The Ramp Presence of your Airplane

Having a nice-looking aircraft is important, as it makes a statement about you and your airplane

The cleanliness of your airplane on the ramp is a huge first impression. We can tell the difference in the pilot from just looking at the Cessna 152 which looks like it was just detailed, and that King Air that looks like it’s been left out in the rain by the beach for a week.

A clean aircraft is one that makes you proud and gives others the impression that it was put together with care by those who know what they are doing. The opposite is equally true; an aircraft with mud, bugs, trash, and clutter gives the same impression as a car with fast food bags and soda cans rolling around inside!

Keeping your windshields and windows clean can make quite a difference for people who walk by looking at the aircraft.

When it comes to the ramp presence of your aircraft, it is important to keep the glass clean at all times. Glass is about 90% of the image that people see when looking at your aircraft, so keeping this area clean can make quite a difference for people who walk by looking at the aircraft. You don’t want someone to walk by and notice that you left streaks all over the windows.

Glass can be cleaned with a soft paper towel and a glass cleaner such as Windex. Make sure you do not use a paper towel with a rough surface because that could cause scratches on the window.

The two most common types of glass cleaners are ammonia-based (Windex) and water-based (Streak Free). Water-based cleaners do not leave as many streaks, but they also do not remove some things as well as ammonia-based cleansers.

The condition of the tires has a direct effect on the appearance of your aircraft.

Tires have a lot to do with the appearance of your aircraft, and they are typically the first thing people notice when walking by. It is important to keep them in good condition. They should be properly inflated and have no flat spots. They should have no visible damage or wear.

Tires that are worn out can be dangerous; especially if you encounter a situation where you may need to land on rough terrains such as grass or gravel. When looking at a tire from the side, there is a line molded into it which shows how much tread depth it has left – this is called “the wear bar.” If that line is even with any part of the tread on both sides of the tire (as shown below), then it needs to be replaced as soon as possible!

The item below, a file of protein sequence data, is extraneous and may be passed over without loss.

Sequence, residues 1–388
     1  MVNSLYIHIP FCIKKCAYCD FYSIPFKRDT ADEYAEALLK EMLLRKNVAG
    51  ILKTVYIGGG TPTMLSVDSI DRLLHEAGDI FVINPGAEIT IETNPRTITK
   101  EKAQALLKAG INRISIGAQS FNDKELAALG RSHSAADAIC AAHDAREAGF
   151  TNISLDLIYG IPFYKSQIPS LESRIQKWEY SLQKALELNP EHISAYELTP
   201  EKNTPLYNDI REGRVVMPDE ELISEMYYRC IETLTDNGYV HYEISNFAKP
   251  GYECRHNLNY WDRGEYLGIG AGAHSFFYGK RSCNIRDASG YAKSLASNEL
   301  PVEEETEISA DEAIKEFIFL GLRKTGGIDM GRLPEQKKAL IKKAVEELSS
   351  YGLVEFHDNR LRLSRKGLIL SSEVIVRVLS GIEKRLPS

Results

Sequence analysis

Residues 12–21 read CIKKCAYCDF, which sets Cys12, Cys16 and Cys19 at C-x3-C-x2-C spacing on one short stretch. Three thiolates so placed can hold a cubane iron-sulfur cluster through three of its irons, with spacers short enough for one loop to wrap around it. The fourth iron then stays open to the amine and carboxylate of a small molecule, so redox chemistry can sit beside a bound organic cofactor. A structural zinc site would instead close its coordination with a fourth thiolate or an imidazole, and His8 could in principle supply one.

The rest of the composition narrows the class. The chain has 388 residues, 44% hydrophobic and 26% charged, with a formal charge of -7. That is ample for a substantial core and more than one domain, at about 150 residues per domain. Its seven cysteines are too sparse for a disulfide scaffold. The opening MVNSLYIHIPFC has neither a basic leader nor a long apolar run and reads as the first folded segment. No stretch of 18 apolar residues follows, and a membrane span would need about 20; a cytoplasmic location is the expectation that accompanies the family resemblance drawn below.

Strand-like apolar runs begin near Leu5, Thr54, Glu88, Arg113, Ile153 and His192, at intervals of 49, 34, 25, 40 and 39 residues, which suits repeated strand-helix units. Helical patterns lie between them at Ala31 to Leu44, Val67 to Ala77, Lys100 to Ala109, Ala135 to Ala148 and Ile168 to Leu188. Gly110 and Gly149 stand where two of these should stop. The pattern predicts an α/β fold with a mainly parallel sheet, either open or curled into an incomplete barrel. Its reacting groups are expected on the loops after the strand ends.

The engine cowlings can be inspected. It looks nice with no stains from leaking oil.

  • The engine cowlings that can be inspected will be next, and they should be free of oil stains.
  • Oil stains on the cowling are evidence of a leak, which is not only unsightly but also indicates the engine is likely not functioning properly.
  • Any oil stains can usually be washed off with various solvents.

The condition of your main entrance door is also important.

No chipped paint or scratches should be visible if you want to maintain a good impression on those around you.

The condition of your main entrance door is also important. No chipped paint or scratches should be visible if you want to maintain a good impression on those around you.

If the door is damaged in any way, it can be fixed with only the use of a simple accessory kit consisting of touch-up pens and sprays.

The condition of the landing gear also makes a difference in the appearance of your aircraft.

Has the ground crew been keeping them well-greased? If so this will have a positive impact on how it looks to others.

As you walk around the aircraft look for any sign of leaks from the main landing gear. If there is fluid on the ground it could indicate that a seal or hydraulic line has failed. This can be dangerous as hydraulic pressure is needed to operate the flight controls, brakes and other essential systems

Take a look at your brakes. Are they overheating? If so this will show up as blue streaks around where the brake disk rubs against the brake pads.

Check to see if your brake fluid levels are low or need to be topped off. You should do this prior to every flight anyway but now you have a good reason for it! If you don’t check your brakes before every flight then what kind of pilot are you?! You should know how well your aircraft operates and landings can be hard on an airplane’s brakes so if yours aren’t in tip-top shape it’ll show as soon as someone sees them (or smells them).

Reducing wear by keeping up with maintenance schedules goes a long way towards making sure they’re always ready when needed most – during those critical moments between a touchdown and taxiing into gate space after completing an uneventful yet technically challenging approach at some remote airfield surrounded by hillsides full of trees just waiting nearby waiting patiently.

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